On January 14, I harvested some of the fruits from the two amanatsu trees, as requested by my father.
To harvest the fruits on branches too high to reach,
I used a "taka eda kiri basami" (high branch pruning scissors)
rather than a stepladder.
I harvested the bigger ones, and left the smaller ones on the trees.
Kaki (persimmon) tree:
As you can see, there are lots of buds on the branches.
I also harvested some grapefruits.
Hana yuzu tree:
The fruits can be put in a bathtub (to take a "yuzu buro") and can also be used in cooking.
While I was harvesting the amanatsu and other fruits, my father worked in the other areas of his field. He reported that the door of the greenhouse for strawberries had been blown off by strong wind, so that birds could enter the greenhouse, leaving only this amount of strawberries for us.
He also collected one head of cabbage, one head of broccoli, and some nazuna (a type of greens).
And, some overgrown komatsuna leaves.
I boiled the nazuna, komatsuna, and broccoli.
I used this home-made ponzu (1:1:1 mixture of yuzu juice, soy sauce, and water, plus some instant dashi and katsuobushi) to eat the nazuna and komatsuna. I used mayonnaise to eat the broccoli.
We sent the amanatsu to four relatives, including my wife.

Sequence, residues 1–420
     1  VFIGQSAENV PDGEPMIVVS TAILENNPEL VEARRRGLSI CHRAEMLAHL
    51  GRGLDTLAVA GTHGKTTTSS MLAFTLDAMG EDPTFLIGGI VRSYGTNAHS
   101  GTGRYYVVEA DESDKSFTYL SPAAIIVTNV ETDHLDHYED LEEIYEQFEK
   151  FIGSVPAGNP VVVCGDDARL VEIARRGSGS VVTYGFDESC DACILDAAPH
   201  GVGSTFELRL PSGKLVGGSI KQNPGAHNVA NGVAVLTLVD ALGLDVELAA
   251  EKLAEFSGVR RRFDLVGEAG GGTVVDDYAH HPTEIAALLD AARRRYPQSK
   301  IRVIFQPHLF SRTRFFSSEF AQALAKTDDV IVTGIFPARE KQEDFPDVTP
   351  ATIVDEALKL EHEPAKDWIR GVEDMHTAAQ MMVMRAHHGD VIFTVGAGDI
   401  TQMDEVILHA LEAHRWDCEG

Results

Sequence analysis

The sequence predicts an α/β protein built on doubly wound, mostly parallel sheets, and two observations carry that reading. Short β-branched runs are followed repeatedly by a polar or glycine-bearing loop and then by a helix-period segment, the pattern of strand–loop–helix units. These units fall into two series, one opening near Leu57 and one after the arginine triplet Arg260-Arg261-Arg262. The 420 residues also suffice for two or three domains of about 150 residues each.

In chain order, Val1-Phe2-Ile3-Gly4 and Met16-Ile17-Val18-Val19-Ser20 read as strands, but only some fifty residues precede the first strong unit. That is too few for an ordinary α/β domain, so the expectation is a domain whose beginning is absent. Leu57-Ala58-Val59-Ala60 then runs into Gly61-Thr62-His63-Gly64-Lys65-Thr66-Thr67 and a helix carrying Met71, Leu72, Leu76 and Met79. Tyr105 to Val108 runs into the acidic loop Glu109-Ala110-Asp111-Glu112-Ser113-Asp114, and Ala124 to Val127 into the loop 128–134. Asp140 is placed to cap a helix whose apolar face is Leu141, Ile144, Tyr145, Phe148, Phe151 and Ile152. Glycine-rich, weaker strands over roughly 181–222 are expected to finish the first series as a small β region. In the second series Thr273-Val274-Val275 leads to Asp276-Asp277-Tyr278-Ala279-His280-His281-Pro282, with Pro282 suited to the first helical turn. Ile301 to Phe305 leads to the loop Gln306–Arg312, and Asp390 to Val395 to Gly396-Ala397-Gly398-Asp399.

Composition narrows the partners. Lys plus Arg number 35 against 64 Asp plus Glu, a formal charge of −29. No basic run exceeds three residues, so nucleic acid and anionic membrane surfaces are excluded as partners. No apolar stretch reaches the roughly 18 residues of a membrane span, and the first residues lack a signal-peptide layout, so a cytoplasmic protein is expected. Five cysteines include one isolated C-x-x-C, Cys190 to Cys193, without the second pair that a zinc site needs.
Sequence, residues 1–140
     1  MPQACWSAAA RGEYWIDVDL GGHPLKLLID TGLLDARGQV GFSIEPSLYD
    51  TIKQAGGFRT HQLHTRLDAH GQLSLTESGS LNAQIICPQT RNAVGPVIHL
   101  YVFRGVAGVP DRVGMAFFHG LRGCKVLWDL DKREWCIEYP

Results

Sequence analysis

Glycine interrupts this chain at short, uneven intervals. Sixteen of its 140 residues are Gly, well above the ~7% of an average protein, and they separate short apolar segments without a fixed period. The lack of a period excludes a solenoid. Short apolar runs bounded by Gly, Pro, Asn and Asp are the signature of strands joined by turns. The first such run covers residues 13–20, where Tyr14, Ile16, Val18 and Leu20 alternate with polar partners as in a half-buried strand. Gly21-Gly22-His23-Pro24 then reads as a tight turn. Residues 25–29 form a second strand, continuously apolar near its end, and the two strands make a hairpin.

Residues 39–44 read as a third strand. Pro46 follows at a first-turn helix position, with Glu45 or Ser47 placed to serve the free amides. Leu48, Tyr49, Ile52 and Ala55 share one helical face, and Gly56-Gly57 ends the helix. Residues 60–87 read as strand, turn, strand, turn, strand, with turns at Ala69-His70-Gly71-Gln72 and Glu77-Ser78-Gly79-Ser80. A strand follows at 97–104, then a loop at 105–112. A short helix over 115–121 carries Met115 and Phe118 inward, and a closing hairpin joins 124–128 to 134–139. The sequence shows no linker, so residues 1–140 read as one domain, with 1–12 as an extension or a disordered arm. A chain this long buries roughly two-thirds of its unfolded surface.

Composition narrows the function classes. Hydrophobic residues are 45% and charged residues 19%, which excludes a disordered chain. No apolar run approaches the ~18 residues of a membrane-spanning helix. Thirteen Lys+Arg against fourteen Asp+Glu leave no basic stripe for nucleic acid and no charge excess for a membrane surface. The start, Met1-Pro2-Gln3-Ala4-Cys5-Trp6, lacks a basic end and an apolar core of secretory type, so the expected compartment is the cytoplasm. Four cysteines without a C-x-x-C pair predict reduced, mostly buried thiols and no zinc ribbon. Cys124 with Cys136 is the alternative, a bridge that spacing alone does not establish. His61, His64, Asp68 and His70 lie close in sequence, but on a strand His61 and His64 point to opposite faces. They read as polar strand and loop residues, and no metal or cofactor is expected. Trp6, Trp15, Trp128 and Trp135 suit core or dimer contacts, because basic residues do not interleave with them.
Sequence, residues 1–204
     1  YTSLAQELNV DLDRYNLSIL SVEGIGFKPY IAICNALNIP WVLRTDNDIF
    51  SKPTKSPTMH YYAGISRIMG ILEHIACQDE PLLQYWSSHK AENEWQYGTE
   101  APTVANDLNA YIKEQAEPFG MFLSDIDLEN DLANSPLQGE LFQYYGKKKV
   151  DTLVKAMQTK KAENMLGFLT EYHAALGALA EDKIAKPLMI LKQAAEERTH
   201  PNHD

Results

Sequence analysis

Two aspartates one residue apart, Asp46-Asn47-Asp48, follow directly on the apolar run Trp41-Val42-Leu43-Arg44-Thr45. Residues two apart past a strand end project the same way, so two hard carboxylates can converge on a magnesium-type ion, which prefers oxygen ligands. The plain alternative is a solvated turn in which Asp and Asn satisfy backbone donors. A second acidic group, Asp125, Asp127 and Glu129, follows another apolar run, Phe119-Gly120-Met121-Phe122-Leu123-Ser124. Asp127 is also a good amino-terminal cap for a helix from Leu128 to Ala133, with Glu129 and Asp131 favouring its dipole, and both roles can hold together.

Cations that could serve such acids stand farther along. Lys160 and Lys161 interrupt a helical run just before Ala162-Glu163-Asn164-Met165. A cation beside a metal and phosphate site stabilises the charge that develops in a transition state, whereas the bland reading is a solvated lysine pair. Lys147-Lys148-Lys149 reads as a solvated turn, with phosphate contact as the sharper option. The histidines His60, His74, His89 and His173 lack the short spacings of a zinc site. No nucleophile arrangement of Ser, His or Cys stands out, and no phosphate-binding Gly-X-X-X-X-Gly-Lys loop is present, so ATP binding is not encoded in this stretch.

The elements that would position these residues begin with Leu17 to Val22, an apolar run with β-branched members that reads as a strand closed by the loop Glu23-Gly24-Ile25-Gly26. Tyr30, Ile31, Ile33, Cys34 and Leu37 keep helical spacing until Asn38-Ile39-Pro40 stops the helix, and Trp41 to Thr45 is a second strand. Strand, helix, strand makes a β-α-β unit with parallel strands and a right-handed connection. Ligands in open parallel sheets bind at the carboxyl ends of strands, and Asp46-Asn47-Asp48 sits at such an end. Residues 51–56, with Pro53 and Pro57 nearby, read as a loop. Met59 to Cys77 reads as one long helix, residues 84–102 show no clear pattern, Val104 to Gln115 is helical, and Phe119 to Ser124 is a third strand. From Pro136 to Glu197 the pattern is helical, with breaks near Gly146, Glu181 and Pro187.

Sorry to hear about the Strawberry harvest. Also the Strawberries are not yet ripe I see... I read Niigata got good amount of snow recently. But still you got a good fruit harvest.
seeandoh: Thank you for your concern, but I'm currently living with my parents in Chiba, which is adjacent to Tokyo, where snow seldom falls. It's true that Niigata city has had a considerable amount of snow recently, but not so much snow in Minami Uonuma city, where my house is located.
I found a lovely post from 2011 and was sure the blog would be moribund by now.
But no, I go to the hp and it's still going :)
Thank you for this unique blog, and for your eloquent stance on the neo-imperialism and chauvinism of Western anti-whaling with which I agree wholeheartedly.
Post from 2011? I have no idea which post you are referring to, but my blog is still alive, although it's updated much less frequently these days because I have to spend much of my spare time supporting my old parents.
I want to talk about more about whaling in Japan, but first I want to visit Wada town, Chiba, where a whaling station is located.
This tool is quite handy. Maybe I should get one too. Last autumn I nearly fell from the ladder while harvesting Kiwis from my rooftop.
Kiki: You should get one! I have so far harvested persimmon, yuzu, and other fruits, using a stepladder, a ladder, and the taka eda kiri basami shown above. I think that using the kiri basami is the most efficient, and besides, it's absolutely the safest!
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